Teenagers fashion their rebellion precisely to piss us off.
Generation after generation, adolescents figure out new and specific ways to drive adults up a collective tree. Every now and then, I spend a few moments contemplating my own wild quest to form an identity different from my parents. Granted, it's not pretty, gazing too closely at one's mis-spent youth. However, through the lens of middle age I see my rebellion with humor and fondness (and maybe I can do the same when I look at the teenagers I am raising).
It helps that Jonathan Larson wrote an anthem for my generation (at least for the under-employed, lost, creative people in my immediate circle). With his last breath, Mr. Larson opened RENT in New York and gave voice to my fears, disappointments, and atavistic urge to dress like an asshole. I wept and cheered in the front row on Broadway, along with my bohemian, twenty-something comrades. Together, we raised a giant, cynical, vulnerable, hopeful-despite-ourselves middle finger to convention. And on that stage, they harmonized it in big, beautiful voices to stir our souls.
Tonight, I listened to the cast recording and was struck once again by how specifically it spoke to my late adolescence. La Vie Boheme was our very own, celebratory, F-You to the world. More than two decades later, I am considerably less arrogant, slightly more resilient, perhaps even a bit wiser. But those lyrics are a litany of my personal formation, and for that I cherish them. Here is the labyrinth of influences, instincts and indulgences I navigated in my rather ill-conceived quest to become My Own Person. Put to music, with a snazzy dance number!
Remembering my own pathological need to practice Shock and Awe on society (and on my parents) helps me see teenaged rebellion with kinder eyes.
It even helps me make more sense of (and rant less about) the likes of Nicki Minaj and Kanye West and those Trailer Park Boys and that Honey Boo-Boo and any other number of infuriating things going on up in my house. But that's another story for another post.
For now, play the anthems of YOUR youth; they go a long way toward helping forgive the younger generation for their unrelenting, vulgar attempts to cut those apron strings. Meanwhile, enjoy this disgruntled canticle of my salad days. (Good times, but you couldn't pay me to go back.)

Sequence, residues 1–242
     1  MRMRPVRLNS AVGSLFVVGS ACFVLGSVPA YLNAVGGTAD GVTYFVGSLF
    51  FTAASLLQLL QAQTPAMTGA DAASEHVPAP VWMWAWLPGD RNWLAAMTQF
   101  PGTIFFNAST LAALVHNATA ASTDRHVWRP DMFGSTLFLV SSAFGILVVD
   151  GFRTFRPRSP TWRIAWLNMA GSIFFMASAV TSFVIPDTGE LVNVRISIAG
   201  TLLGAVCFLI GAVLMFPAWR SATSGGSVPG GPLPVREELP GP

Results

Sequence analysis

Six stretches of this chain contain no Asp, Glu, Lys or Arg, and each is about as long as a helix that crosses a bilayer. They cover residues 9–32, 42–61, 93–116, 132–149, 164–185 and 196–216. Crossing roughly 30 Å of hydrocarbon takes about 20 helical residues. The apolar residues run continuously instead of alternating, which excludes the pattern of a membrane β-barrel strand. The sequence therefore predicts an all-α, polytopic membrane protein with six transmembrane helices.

The middle lyrics (and my personal creed, c. 1994) from "La Vie Boheme" by Jonathan Larson:
To days of inspiration, playing hooky, making something out of nothing,
The need to express, to communicate,
To going against the grain, going insane, going mad!
To loving tension, no pension, to more than one dimension,
To starving for attention, hating convention, hating pretension,
Not to mention, of course, hating dear old Mom and Dad!
To riding your bike midday past the three-piece suits,
To fruits, to no absolutes, to Absolut,
To choice, to the Village Voice, to any passing fad!
To being an Us for once, instead of a Them,
La vie Boheme!
To hand-crafted beers made in local breweries,
To yoga, to yogurt, to rice and beans and cheese,
To leather, to dildos, to curry vindaloo,
To huevos rancheros and Maya Angelou.
Emotion, devotion, to causing a commotion,
Creation, vacation, mucho masturbation.
Compassion, to fashion, to passion when it's new,
To Sontag, to Sondheim, to anything taboo.
Ginsberg, Dylan, Cunigham and Cage,
Lenny Bruce! Langston Hughes! To the stage!
To Uta, to Buddha, Pablo Neruda, too.
Why Dorothy and Toto went over the rainbow
To blow off Auntie Em,
La vie Boheme!
Bisexuals, trisexuals, homo sapiens,
Carcinogens, hallucinogens, men, Pee Wee Herman.
German wine, turpentine, Gertrude Stein,
Antonioni, Bertolucci, Kurosawa, Carmina Burana!
To apathy, to entropy, to empathy, ecstasy,
Vaclav Havel! The Sex Pistols! 8BC!
To no shame, never playing the Fame Game, to marijuana!
To sodomy, it's between God and me, to S & M
La vie Boheme!